South End Dining Hall
October 4, 2018
05:00 PM to 06:30 PM
JOHNS HOPKINS APL
With Love, from Pluto
With a PhD in planetary geology from The Johns Hopkins University, Kirby Runyon (2008, physics) has a passion for communicating his love of space exploration and science with the Church and the general public. A biblical theology of science motivates his passion for making discoveries in space and sharing the passion, beauty, and joy of God’s extraterrestrial creation with others: “What may be known about God—his eternal power and divine nature—has been revealed through what has been made,” (Romans 1:20). He is an avid proponent that a biblical theology of science de-conflicts mainstream science from orthodox, biblical Christianity, freeing the disciple of the Lord Jesus to follow scientific evidence wherever it leads.
As a postdoctoral planetary geologist at Johns Hopkins APL, he is involved with basic research on the geologic forces that shape the landscapes of planets, moons, and asteroids, mainly using images and related data from robotic NASA and international spacecraft. Specifically, Kirby is a planetary geomorphologist with expertise in wind-blown geology on Mars, Titan, and Pluto; the effects of impact cratering throughout the solar system; and structural geology of tectonic faults on planets and moons. He also participates on the science teams of active and proposed spacecraft missions. This includes New Horizons which explored Pluto and Charon in 2015 and will fly past “Ultima Thule” on New Year’s Day, 2019, reconnoitering the farthest-explored world in the solar system. He also chairs the geology science theme group for the proposed Interstellar Probe mission which would notionally fly past several planets and worlds on its way out of the solar system to explore the physical environment between the stars. He is also a geologic spacesuit test subject with NASA’s Johnson Space Center.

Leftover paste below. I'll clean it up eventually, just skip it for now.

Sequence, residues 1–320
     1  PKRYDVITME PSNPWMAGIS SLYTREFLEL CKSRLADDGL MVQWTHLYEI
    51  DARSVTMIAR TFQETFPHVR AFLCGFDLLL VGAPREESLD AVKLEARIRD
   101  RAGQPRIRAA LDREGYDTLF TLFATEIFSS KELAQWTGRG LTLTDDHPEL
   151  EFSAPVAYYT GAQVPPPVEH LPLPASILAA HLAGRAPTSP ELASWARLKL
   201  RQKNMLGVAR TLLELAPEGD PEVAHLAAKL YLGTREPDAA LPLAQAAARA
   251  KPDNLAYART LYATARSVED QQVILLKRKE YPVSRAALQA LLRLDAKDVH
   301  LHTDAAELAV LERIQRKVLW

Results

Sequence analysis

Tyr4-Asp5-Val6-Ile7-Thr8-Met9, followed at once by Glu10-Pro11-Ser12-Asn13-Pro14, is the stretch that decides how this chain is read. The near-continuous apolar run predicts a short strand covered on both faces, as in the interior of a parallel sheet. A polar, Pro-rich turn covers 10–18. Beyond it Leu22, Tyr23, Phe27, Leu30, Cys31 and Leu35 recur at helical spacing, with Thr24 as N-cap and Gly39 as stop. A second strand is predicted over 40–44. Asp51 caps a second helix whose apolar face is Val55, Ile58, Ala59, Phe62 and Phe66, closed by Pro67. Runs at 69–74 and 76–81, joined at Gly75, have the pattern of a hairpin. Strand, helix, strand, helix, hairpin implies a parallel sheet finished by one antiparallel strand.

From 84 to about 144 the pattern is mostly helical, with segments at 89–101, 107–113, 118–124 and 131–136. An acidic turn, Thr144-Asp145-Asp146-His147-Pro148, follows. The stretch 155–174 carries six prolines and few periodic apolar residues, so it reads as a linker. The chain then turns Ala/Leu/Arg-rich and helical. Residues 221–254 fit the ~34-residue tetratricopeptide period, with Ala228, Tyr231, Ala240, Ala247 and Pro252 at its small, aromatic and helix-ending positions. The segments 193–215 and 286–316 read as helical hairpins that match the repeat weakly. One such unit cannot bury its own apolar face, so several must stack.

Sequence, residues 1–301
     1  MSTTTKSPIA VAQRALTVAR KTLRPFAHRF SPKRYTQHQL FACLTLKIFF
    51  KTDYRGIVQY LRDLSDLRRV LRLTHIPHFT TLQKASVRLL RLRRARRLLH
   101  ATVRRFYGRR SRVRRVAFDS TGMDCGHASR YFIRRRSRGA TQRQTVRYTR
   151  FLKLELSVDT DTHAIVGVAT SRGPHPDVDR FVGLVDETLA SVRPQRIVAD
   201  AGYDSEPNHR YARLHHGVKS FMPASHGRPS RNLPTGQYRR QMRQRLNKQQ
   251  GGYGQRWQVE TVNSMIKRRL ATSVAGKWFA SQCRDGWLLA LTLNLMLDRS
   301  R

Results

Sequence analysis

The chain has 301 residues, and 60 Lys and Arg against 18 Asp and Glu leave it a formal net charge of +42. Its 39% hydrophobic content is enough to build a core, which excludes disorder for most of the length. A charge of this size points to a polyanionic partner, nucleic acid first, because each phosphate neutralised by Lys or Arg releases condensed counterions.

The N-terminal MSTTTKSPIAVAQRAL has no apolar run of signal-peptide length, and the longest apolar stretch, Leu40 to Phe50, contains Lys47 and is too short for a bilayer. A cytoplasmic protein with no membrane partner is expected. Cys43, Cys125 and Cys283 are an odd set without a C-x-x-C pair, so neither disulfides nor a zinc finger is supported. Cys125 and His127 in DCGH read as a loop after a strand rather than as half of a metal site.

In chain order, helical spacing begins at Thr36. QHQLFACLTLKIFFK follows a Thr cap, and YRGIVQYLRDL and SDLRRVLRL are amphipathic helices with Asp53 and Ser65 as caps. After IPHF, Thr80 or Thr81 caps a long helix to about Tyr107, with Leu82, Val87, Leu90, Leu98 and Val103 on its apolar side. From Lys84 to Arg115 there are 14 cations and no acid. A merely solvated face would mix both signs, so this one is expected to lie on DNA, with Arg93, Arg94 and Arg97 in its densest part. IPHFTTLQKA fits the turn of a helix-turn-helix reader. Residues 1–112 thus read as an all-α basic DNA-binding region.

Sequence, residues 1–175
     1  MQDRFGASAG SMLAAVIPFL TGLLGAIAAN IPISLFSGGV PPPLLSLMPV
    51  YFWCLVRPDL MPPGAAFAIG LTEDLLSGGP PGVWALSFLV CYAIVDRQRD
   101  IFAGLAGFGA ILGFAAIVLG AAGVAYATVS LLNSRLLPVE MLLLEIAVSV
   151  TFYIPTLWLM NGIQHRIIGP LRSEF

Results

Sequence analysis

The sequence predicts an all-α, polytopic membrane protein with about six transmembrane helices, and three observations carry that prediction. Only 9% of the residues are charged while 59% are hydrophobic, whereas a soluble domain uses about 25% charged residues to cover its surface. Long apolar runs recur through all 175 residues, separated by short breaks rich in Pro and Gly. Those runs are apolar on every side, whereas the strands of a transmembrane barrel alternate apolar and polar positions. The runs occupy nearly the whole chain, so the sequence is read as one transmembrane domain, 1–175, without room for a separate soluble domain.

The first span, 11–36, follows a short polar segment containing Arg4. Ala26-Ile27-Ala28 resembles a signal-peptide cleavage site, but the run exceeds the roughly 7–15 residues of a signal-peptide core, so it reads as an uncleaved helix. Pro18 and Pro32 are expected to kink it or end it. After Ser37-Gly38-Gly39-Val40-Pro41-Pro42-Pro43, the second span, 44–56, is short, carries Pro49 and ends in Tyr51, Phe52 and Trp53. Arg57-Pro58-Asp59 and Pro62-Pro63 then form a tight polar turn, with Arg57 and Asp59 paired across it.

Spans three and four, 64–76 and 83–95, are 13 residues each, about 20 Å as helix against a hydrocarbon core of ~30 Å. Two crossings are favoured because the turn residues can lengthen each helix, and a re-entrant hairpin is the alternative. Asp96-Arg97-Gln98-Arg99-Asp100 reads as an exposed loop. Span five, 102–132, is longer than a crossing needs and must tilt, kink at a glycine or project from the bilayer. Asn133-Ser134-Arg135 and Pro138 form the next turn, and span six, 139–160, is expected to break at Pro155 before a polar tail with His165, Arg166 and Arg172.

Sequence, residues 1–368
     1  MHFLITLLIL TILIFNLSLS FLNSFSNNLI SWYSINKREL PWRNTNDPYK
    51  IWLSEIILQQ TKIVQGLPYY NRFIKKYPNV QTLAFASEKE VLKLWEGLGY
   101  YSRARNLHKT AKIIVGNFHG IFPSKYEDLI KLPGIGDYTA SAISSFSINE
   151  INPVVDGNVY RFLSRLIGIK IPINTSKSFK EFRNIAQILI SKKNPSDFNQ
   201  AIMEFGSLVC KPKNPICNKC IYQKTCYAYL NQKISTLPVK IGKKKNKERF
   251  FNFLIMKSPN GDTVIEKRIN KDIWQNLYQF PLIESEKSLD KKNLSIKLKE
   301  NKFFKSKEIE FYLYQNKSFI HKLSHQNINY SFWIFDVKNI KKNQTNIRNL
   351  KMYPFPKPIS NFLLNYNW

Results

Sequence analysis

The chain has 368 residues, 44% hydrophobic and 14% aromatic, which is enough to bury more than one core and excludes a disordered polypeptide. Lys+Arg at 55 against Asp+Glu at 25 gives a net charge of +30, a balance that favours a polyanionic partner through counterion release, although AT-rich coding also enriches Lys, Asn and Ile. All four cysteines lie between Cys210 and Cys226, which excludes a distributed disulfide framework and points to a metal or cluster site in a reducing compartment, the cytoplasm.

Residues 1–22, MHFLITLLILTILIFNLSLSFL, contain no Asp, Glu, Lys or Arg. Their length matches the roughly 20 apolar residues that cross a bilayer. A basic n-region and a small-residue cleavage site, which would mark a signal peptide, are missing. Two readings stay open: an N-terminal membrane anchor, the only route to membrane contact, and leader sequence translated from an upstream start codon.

Originally from Spring Arbor, Michigan, he now lives in Columbia, Maryland where is active in his church and big, tightly-knit community of friends. His formative time in the Houghton physics department was marked by immersion in a supportive group of phriendly physicists who can all personally attest how terrible he is at math. He recently became scuba certified and Nixie, his cat, was named after Pluto’s small moon, Nix. His cat refrains from scuba diving.
Science & Math Colloquium, Students